Immediately north of the main entrance to the Cathedral, at a site where now the roadway widens before the North Porch, stood the Chapel of the Charnel House. It ran west alongside the Cathedral and parts of the crypt still lie beneath the roadway as far as the garden entrance to the Bishop's Palace.
When it ceased to be used as a charnel house is not known, but in 1636, the upper room fitted up for the Cathedral school, but the stench was very bad. Complaints led to the school being moved five years later to the refectory, where it remained for many years.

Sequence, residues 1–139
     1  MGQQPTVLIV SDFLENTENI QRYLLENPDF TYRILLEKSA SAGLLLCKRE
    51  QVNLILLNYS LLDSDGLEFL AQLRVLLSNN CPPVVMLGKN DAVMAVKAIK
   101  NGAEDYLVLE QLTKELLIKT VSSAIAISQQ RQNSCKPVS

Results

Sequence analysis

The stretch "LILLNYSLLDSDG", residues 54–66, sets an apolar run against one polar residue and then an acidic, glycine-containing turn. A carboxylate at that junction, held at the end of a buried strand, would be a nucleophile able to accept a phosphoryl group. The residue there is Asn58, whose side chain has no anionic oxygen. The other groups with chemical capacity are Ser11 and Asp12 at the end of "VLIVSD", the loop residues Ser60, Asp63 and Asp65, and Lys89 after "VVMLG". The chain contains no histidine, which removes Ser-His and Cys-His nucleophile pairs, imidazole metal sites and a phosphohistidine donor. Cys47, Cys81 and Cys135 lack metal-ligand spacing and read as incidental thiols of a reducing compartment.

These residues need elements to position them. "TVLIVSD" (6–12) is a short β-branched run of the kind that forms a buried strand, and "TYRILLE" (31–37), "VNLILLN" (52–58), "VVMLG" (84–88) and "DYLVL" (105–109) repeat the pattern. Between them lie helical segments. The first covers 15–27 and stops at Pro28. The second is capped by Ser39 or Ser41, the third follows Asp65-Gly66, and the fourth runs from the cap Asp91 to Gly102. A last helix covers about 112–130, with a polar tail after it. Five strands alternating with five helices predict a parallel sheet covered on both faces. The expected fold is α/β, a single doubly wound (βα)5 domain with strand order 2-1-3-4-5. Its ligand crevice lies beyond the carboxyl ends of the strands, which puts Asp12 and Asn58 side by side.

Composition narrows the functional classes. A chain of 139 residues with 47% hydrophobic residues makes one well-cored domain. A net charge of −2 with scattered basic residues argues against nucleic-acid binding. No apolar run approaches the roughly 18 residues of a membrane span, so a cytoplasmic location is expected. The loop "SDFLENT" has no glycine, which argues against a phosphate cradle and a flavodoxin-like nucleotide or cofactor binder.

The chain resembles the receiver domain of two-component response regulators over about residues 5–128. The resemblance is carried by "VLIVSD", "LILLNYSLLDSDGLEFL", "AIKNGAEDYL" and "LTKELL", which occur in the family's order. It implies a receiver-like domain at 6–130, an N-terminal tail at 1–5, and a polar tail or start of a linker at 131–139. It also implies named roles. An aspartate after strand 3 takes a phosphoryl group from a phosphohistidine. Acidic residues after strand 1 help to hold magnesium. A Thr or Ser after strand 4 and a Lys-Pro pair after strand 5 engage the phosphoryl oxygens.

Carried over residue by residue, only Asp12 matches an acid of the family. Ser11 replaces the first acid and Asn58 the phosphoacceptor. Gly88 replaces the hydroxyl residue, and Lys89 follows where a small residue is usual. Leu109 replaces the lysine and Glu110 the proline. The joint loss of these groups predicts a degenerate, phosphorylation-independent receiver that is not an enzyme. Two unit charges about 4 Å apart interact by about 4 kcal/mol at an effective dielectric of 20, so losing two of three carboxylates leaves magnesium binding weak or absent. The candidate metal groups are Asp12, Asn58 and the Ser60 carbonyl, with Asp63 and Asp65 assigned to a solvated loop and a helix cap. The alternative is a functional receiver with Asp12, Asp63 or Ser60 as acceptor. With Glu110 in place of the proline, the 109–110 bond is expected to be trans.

During the restoration of the 19th century, the road through the church yard to the main door was cut down over four feet to near its original level, for centuries of burials had caused the ground level to rise, so that one had to descent by steps into the Cathedral. This accounts for the high path in front of the Georgian houses in College Yard. The chapel of the charnel house had gone long ago, and in cutting the road, part of the vaults of the crypt was destroyed.
During the Second World War, when deep shelters were needed for air-raids, blocked cellars under the precentor's house were probed, and found to be still filled with bones.